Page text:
0
Research Papers: Alternative Energy Sources

Weighted Least Squares Approach for an Adaptive Aerodynamic Engineered Structure With Twist Transformation

[+] Author and Article Information
Fuzhao Mou

Department of Mechanical and
Aerospace Engineering,
University at Buffalo—SUNY,
Buffalo, NY 14260

Hamid Khakpour Nejadkhaki, Aaron Estes

Department of Mechanical and
Aerospace Engineering,
University at Buffalo—SUNY,
Buffalo, NY 14260

John F. Hall

Department of Mechanical and
Aerospace Engineering,
University at Buffalo—SUNY,
Buffalo, NY 14260
e-mail: johnhall@buffalo.edu

1Corresponding author.

Contributed by the Advanced Energy Systems Division of ASME for publication in the JOURNAL OF ENERGY RESOURCES TECHNOLOGY. Manuscript received July 6, 2018; final manuscript received January 15, 2019; published online February 18, 2019. Assoc. Editor: Christopher Niezrecki.

J. Energy Resour. Technol 141(5), 051207 (Feb 18, 2019) (11 pages) Paper No: JERT-18-1502; doi: 10.1115/1.4042642 History: Received July 06, 2018; Revised January 15, 2019

A design concept for a wind turbine blade with an adaptive twist transformation is presented. The design improves partial-load wind capture by adapting the twist distribution in relation to wind speed. Structural adaptability is enabled by actuating a series of compliant sections that are mounted on a relatively rigid spar. The sections are assumed to have a unique stiffness that is achievable through additive manufacturing technology. The authors' prior work employed an aerodynamic model to establish the theoretical blade twist distribution as a function of wind speed. The work in this paper focuses on a method to optimize the stiffness of each blade section that has been previously defined. A mathematical model is proposed to support design optimization. The model is parameterized in terms of actuator locations and the torsional stiffness ratios of each blade section. These parameters are optimized to allow the blade to adapt its twist distribution to match the prescribed configurations. The optimization is completed using a weighted-least squares approach that minimizes the error between the theoretical and practical design. The selected solution is based upon the configuration that maximizes production. Weights are assigned to bias the performance of the blade toward different operating regimes. Our results indicate that quadratically penalizing twist angle errors toward the blade tip increases power capture. A Rayleigh distribution is used to create three sets of wind data, which vary in average speed. These sets of data are used to evaluate the performance of the proposed blade and design technique.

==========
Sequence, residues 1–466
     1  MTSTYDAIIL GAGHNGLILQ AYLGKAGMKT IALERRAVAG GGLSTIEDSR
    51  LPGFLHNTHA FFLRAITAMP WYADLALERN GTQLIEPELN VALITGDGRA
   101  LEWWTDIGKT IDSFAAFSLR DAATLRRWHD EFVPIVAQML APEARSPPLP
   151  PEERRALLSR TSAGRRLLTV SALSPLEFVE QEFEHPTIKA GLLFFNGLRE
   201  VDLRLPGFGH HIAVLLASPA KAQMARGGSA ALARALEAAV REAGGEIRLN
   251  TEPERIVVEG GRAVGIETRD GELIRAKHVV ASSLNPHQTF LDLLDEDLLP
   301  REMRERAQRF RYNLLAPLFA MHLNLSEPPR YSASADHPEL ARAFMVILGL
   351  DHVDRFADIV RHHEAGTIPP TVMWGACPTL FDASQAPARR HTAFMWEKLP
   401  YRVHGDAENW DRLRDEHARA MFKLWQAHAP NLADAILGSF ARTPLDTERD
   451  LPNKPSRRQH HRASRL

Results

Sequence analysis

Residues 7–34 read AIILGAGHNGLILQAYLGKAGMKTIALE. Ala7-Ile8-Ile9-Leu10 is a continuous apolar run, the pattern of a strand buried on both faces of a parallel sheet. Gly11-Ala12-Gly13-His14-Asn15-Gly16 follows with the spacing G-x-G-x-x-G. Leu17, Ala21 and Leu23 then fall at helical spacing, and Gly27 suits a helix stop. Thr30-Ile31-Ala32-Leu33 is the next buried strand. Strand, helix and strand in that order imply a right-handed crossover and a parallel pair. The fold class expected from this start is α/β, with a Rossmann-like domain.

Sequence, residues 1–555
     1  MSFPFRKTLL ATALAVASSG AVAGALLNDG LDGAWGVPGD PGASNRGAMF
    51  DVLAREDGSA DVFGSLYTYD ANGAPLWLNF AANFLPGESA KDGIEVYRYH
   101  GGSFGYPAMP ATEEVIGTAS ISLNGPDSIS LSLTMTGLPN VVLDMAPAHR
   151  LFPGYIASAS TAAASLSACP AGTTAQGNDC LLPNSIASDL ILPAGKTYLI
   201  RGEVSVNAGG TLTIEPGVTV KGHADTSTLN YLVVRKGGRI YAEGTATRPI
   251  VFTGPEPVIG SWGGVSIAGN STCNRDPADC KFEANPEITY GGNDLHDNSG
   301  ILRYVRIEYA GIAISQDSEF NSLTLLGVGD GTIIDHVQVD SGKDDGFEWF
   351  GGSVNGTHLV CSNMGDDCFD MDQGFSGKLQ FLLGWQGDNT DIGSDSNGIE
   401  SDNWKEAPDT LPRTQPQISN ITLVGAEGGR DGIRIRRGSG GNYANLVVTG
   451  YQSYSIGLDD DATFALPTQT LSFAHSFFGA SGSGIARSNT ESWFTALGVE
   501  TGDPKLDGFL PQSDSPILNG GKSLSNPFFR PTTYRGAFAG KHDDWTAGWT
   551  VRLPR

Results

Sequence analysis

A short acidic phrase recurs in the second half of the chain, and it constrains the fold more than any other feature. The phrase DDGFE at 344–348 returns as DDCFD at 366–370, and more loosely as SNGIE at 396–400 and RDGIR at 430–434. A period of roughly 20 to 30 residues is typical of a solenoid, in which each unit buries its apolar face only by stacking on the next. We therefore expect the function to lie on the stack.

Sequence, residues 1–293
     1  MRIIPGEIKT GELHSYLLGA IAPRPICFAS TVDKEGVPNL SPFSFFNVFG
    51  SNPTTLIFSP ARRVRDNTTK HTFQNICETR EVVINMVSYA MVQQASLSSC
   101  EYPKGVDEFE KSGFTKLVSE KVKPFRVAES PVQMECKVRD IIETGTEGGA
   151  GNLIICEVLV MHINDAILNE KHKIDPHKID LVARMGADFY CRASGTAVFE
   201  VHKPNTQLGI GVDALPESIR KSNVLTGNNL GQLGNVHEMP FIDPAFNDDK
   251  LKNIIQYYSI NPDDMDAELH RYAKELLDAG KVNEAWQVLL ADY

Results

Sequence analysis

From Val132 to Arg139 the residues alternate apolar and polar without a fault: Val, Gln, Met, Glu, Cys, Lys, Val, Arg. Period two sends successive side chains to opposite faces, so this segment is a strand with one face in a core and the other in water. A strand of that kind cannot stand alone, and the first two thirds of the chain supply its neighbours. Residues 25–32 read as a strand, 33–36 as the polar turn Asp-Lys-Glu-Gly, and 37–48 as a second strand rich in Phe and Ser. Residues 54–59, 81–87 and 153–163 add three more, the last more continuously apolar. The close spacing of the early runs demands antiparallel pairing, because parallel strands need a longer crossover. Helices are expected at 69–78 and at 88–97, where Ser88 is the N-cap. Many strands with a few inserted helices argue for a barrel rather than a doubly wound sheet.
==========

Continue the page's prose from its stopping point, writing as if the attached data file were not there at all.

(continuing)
FIGURES IN THIS ARTICLE
<>
Copyright © 2019 by ASME
Your Session has timed out. Please sign back in to continue.

References

Ponta, F. L. , Otero, A. D. , Rajan, A. , and Lago, L. I. , 2014, “ The Adaptive-Blade Concept in Wind-Power Applications,” Energy Sustainable Develop., 22, pp. 3–12. [CrossRef]
Lin, J. , Luo, Z. , and Tong, L. , 2010, “ Design of Adaptive Cores of Sandwich Structures Using a Compliant Unit Cell Approach and Topology Optimization,” ASME J. Mech. Des., 132(8), p. 081012. [CrossRef]
Trease, B. , and Kota, S. , 2009, “ Design of Adaptive and Controllable Compliant Systems With Embedded Actuators and Sensors,” ASME J. Mech. Des., 131(11), p. 111001. [CrossRef]
Calkins, F. T. , and Mabe, J. H. , 2010, “ Shape Memory Alloy Based Morphing Aerostructures,” ASME J. Mech. Des., 132(11), p. 111012. [CrossRef]
Fasel, U. , Keidel, D. , Molinari, G. , and Ermanni, P. , 2017, “ Aerostructural Optimization of a Morphing Wing for Airborne Wind Energy Applications,” Smart Mater. Struct., 26(9), p. 095043. [CrossRef]
Molinari, G. , Quack, M. , Dmitriev, V. , Morari, M. , Jenny, P. , and Ermanni, P. , 2011, “ Aero-Structural Optimization of Morphing Airfoils for Adaptive Wings,” J. Intell. Mater. Syst. Struct., 22(10), pp. 1075–1089. [CrossRef]
Jenett, B. , Calisch, S. , Cellucci, D. , Cramer, N. , Gershenfeld, N. , Swei, S. , and Cheung, K. C. , 2016, “ Digital Morphing Wing: Active Wing Shaping Concept Using Composite Lattice-Based Cellular Structures,” Soft Rob., 4(1), pp. 33–48. [CrossRef]
Stephen, D. , and Paul, M. W. , 2012, “ A Morphing Trailing Edge Device for a Wind Turbine,” J. Intell. Mater. Syst. Struct., 23(6), pp. 691–701. [CrossRef]
Vasista, S. , Tong, L. , and Wong, K. C. , 2012, “ Realization of Morphing Wings: A Multidisciplinary Challenge,” J. Aircr., 49(1), pp. 11–28. [CrossRef]
U.S. DoE, 2015, “Wind Vision: A New Era for Wind Power in the United States,” U.S. Department of Energy, Washington, DC, Report No. DOE/GO-102015-4557. https://www.energy.gov/eere/wind/downloads/wind-vision-new-era-wind-power-united-states
IEA Wind, 2013, “ Long-Term Research and Development Needs for Wind Energy for the Time Frame 2012 to 2030,” IEA Wind, Paris, France, Report. https://nachhaltigwirtschaften.at/resources/iea_pdf/iea_wind_longterm_research_2012_2030.pdf
Philibert, C. , and Holttinen, H. , 2013, Technology Roadmap: Wind Energy, International Energy Agency, Paris, France.
Weisshaar, T. A. , 2013, “ Morphing Aircraft Systems: Historical Perspectives and Future Challenges,” J. Aircr., 50(2), pp. 337–353.
Castaignet, D. , Couchman, I. , Poulsen, N. K. , Buhl, T. , and Wedel-Heinen, J. J. , 2013, “ Frequency-Weighted Model Predictive Control of Trailing Edge Flaps on a Wind Turbine Blade,” IEEE Trans. Control Syst. Technol., 21(4), pp. 1105–1116. [CrossRef]
Pechlivanoglou, G. , Wagner, J. , Nayeri, C. , and Paschereit, C. , 2010, “ Active Aerodynamic Control of Wind Turbine Blades With High Deflection Flexible Flaps,” AIAA Paper No. 2010-644.
Wang, Y. , Sun, X. , Dong, X. , Zhu, B. , Huang, D. , and Zheng, Z. , 2016, “ Numerical Investigation on Aerodynamic Performance of a Novel Vertical Axis Wind Turbine With Adaptive Blades,” Energy Convers. Manage., 108, pp. 275–286. [CrossRef]
Alejandro Franco, J. , Carlos Jauregui, J. , and Toledano-Ayala, M. , 2015, “ Optimizing Wind Turbine Efficiency by Deformable Structures in Smart Blades,” ASME J. Energy Resour. Technol., 137(5), p. 051206. [CrossRef]
Alejandro Franco, J. , Carlos Jauregui, J. , Carbajal, A. , and Toledano-Ayala, M. , 2017, “ Shape Morphing Mechanism for Improving Wind Turbines Performance,” ASME J. Energy Resour. Technol., 139(5), p. 051214. [CrossRef]
Capuzzi, M. , Pirrera, A. , and Weaver, P. M. , 2014, “ A Novel Adaptive Blade Concept for Large-Scale Wind Turbines—Part I: Aeroelastic Behaviour,” Energy, 73, pp. 15–24. [CrossRef]